World stocks climb despite bleak 2023 market forecast

Recent data showed that world stocks showed growth even though traders remained cautious in thin trade as many major markets were closed, while European bond yields fell and the dollar stood firm in light trading on Monday.

MSCI's index of Asia-Pacific shares outside Japan soared 0.04 percent, trailing a global index that went up 0.18 percent, as reported by Reuters. Meanwhile, the STOXX Europe 600 I index rose 0.8 percent, recouping some of the nearly 12 percent it lost in 2022 due to "aggressive monetary policy" by central banks.

Despite the increase, traders were reportedly wary of early-year starts in stock and bond moves. Several markets are closed for the holiday season, and a slew of economic data due this week plays a major role in their reluctance.

Several countries, such as Hong Kong, Britain, Ireland, Japan, Singapore, the United States and Canada, all had their markets closed.

Market forecasts in 2023

On CBS's "Face the Nation" Sunday morning news program, Kristalina Georgieva, IMF's managing director, predicted that 2023 would see a "tougher" year.

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"Tougher than the year we leave behind."

Kristalina Georgieva

"Why? Because the three big economies - the U.S., EU and China - are all slowing down simultaneously," she said.

Piet Haines Christiansen, chief analyst at Danske Bank, projected that the new year would begin with a new emphasis on central banks and inflation. He claimed that traders would be on the lookout for any signs of an impending recession.

According to Christiansen, traders should also pay attention to inflation data from Europe, minutes from the December Federal Reserve meeting and labor market data from the U.S.

"I would be cautious over-interpreting any moves this morning," Christiansen said.

He suggested that the recent surge in European stock prices could be attributed to survey results released on Monday, which indicated a revival in optimism between eurozone factory managers.

Russ Mould, investment director at AJ Bell, said that Europe is "taking the latest round of PMIs well enough."

"...As the final readings help to confirm the view (hope?) that the worst may be over for the EU bloc's manufacturers, especially as energy prices recede to the levels of last February," Mould wrote in an email, as quoted by Reuters.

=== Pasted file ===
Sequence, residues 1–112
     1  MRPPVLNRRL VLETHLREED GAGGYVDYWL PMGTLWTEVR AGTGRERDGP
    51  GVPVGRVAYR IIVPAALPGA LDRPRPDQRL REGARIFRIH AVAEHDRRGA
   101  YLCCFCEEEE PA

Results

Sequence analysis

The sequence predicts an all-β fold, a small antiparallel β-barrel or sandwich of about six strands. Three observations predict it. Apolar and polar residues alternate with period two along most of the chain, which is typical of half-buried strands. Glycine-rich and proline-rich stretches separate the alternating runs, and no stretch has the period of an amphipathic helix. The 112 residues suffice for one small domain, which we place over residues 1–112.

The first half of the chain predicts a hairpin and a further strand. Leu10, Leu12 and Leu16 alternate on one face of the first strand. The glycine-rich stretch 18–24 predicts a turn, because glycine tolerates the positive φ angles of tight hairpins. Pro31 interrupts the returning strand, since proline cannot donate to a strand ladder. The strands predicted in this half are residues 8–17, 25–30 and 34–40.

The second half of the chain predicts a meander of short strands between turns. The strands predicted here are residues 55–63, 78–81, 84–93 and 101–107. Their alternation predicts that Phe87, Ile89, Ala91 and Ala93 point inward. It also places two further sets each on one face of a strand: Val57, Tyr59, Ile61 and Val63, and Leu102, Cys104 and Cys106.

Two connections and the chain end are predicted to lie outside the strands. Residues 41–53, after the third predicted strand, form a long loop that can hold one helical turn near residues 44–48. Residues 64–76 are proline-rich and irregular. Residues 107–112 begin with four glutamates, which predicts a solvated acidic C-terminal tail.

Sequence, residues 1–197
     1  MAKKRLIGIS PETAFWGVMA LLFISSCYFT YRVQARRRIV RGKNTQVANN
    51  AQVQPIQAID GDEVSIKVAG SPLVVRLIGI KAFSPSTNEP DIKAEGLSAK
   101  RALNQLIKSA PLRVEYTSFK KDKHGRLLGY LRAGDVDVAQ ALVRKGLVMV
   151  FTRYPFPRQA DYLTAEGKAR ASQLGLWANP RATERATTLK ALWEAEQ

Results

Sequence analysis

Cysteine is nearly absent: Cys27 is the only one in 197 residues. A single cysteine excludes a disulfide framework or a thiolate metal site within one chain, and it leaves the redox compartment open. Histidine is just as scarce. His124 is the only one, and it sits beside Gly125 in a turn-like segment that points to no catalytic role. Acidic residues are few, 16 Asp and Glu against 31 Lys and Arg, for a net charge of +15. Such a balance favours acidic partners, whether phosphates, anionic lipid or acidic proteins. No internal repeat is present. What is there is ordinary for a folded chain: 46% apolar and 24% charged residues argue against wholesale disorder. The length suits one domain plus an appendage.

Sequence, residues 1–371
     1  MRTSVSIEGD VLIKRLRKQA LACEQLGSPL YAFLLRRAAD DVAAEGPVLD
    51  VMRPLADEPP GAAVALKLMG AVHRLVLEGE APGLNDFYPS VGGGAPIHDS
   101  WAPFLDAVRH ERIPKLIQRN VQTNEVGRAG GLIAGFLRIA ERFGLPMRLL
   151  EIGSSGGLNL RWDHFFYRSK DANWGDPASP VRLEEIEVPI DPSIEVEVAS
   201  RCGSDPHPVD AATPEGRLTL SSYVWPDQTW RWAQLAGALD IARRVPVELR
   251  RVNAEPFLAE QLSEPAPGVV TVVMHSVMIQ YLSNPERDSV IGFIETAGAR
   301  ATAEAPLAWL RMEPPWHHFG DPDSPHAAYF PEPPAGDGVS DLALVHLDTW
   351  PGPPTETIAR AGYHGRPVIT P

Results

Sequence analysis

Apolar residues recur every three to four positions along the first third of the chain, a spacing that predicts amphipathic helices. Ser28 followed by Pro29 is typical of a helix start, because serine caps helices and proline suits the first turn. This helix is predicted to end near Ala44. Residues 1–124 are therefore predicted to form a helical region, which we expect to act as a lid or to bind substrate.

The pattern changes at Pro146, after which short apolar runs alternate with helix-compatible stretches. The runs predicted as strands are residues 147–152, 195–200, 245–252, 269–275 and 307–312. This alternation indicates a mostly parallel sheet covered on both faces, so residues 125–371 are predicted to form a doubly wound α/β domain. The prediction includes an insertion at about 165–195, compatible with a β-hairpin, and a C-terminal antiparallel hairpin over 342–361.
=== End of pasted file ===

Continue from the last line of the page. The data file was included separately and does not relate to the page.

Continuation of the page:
U.S. dollar ‘loses’ strength

Data showed that S&P Global's final manufacturing Purchasing Managers' Index (PMI) increased to 47.8 in December from 47.1 in November, which matched a preliminary reading but fell short of the 50 mark separating growth from contraction.

The U.S. dollar gained nearly 0.2 percent against a group of major currencies, while the pound and euro plunged 0.4 percent and 0.2 percent, respectively.

According to Ulrich Leuchtmann, head of forex research at Commerzbank, the dollar index is attempting to pull higher.

"There is an attempt by the dollar index to pull higher today but we do see that it is losing a good part of the strength it gained last year."

Ulrich Leuchtmann, head of forex research at Commerzbank

"But we do see that it is losing a good part of the strength it gained last year," he said. "After the last Fed meeting, the market was not convinced that the Fed won't cut rates later in 2023. It's going to be an interesting year."

U.S. Treasuries are set to resume trading on Tuesday after a public holiday on Monday. Elsewhere, data revealed that German government bond yields plunged from their highest levels in more than a decade on Monday, owing to more hawkish signals from the European Central Bank (ECB).

According to ECB president Christine Lagarde, wage growth in the eurozone is faster than initially predicted. As a result, the central bank must avoid this from leading to the already high inflation.

Germany's 10-year bond yield dropped 12 bps to 2.44 percent, just after reaching a high of 2.57 percent on Friday.

Oil markets were shut, as per a Reuters poll. Despite a bleak economic backdrop, prices were set to rise slightly this year. COVID-19 recurrence in China jeopardizes demand growth while offsetting the consequence of supply shortages induced by Russian sanctions.